hiring parents with children and recent college graduates, the smart decision
will always be to hire the new graduates, as they will demand less money –
especially in the technology area where recent training is often valued over
Separating out pay for families allows society to reverse that trend, with a
significant driver to that separation being a more generous tax credit for
children. Such a credit could be “paid for” by ending the Mortgage
Interest Deduction (MID) without hurting the housing sector, as housing is the
biggest area of cost growth when children are added. While lobbyists for
lenders and realtors would prefer gridlock on reducing the MID, if forced to choose
between transferring this deduction to families and using it for deficit
reduction (as both Bowles-Simpson and Rivlin-Domenici suggest), we suspect that
they would chose the former over the latter if forced to make a choice.
The religious community could also see such a development as a “pro-life”
vote, especially among religious liberals.
Enactment of such a credit meets both our nation’s short term needs for
consumer liquidity and our long term need for population growth. Adding
this issue to the pro-life agenda, at least in some quarters, makes this
proposal a win for everyone.
The expansion of the Child Tax Credit is what makes tax reform worthwhile.
Adding it to the employer levy rather than retaining it under personal income
taxes saves families the cost of going to a tax preparer to fully take
advantage of the credit and allows the credit to be distributed throughout the
year with payroll. The only tax reconciliation required would be for the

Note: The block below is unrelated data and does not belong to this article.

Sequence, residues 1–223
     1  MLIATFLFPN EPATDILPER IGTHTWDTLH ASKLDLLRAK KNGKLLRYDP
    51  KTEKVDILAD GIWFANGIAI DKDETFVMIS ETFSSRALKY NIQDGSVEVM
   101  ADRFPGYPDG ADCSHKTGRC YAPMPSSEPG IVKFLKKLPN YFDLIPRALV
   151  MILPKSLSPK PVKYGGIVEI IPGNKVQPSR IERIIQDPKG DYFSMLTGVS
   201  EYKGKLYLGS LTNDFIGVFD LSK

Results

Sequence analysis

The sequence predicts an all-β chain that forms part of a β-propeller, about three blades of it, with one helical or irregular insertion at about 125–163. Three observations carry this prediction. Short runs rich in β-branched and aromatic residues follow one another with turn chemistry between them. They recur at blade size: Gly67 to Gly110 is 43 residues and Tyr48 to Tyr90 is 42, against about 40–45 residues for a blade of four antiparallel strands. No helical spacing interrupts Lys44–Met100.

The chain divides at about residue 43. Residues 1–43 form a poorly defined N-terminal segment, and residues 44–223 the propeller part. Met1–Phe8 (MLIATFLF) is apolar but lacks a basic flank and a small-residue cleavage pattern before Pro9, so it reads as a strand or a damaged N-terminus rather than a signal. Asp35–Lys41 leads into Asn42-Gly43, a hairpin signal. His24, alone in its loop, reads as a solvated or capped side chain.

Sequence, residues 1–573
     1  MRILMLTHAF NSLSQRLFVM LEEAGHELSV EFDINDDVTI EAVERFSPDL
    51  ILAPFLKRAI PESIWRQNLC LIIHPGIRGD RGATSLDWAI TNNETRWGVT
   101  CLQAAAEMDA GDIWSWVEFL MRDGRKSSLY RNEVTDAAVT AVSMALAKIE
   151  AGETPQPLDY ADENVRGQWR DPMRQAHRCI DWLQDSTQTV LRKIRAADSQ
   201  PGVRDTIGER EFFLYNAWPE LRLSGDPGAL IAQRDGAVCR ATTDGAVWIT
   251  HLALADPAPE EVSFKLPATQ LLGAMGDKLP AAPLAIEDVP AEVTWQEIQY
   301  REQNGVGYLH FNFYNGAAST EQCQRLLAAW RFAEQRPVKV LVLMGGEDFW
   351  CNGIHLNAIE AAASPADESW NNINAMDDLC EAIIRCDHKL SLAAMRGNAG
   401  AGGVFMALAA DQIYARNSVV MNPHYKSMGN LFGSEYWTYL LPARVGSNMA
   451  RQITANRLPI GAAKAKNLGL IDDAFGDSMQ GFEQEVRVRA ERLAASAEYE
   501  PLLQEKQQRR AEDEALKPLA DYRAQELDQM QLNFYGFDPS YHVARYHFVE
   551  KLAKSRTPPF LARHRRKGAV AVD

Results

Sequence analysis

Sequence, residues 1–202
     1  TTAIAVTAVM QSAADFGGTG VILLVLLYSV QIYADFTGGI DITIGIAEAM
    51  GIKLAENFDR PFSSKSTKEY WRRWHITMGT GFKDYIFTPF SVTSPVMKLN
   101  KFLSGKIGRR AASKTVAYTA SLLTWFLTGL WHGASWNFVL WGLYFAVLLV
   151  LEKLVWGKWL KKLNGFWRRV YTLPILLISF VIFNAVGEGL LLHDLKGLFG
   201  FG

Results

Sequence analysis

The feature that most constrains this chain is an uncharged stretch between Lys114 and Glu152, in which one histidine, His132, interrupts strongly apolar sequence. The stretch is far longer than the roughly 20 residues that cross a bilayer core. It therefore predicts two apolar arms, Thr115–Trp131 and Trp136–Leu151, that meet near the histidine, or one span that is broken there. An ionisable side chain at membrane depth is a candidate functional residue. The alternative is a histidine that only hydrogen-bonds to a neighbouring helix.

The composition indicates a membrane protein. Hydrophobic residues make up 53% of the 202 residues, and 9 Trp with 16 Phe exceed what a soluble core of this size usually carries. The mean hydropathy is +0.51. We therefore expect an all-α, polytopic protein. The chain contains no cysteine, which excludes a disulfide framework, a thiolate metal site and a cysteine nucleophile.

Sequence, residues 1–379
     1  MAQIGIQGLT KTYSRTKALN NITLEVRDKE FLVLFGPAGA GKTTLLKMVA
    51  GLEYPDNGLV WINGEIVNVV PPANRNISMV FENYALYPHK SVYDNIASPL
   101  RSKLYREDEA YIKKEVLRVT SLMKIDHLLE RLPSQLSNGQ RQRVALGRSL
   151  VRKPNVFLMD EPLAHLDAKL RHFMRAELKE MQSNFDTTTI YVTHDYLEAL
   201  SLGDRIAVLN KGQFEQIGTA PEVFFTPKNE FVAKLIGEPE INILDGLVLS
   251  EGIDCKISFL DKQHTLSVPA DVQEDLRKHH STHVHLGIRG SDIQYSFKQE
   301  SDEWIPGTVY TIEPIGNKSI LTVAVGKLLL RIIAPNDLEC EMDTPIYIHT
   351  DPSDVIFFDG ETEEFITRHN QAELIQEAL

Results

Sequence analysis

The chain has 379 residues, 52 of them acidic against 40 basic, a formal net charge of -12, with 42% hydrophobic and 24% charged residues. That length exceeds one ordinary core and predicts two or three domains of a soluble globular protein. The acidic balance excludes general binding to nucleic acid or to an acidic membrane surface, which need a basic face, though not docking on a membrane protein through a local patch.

employer to send each beneficiary a statement of how much tax was paid, which
would be shared with the government. The government would then transmit this
information to each recipient family with the instruction to notify the IRS if
their employer short-changes them. This also helps prevent payments to
Assistance at this level, especially if matched by state governments may very
well trigger another baby boom, especially since adding children will add the
additional income now added by buying a bigger house. Such a baby boom is the
only real long term solution to the demographic problems facing Social
Security, Medicare and Medicaid, which are more demographic than fiscal. Fixing
that problem in the right way definitely adds value to tax reform.
NBRT should fund services to families, including education at all levels,
mental health care, disability benefits, Temporary Aid to Needy Families,
Supplemental Nutrition Assistance, Medicare and Medicaid. If society acts
compassionately to prisoners and shifts from punishment to treatment for
mentally ill and addicted offenders, funding for these services would be from
the NBRT rather than the VAT.
The NBRT could also be used to shift governmental spending from public agencies
to private providers without any involvement by the government – especially if
the several states adopted an identical tax structure. Either employers as
donors or workers as recipients could designate that revenues that would
otherwise be collected for public schools would instead fund the public or
private school of their choice. Private mental health providers could be
preferred on the same basis over public mental health institutions. This is a
feature that is impossible with the FairTax or a VAT alone.
To extract cost savings under the NBRT, allow companies to offer services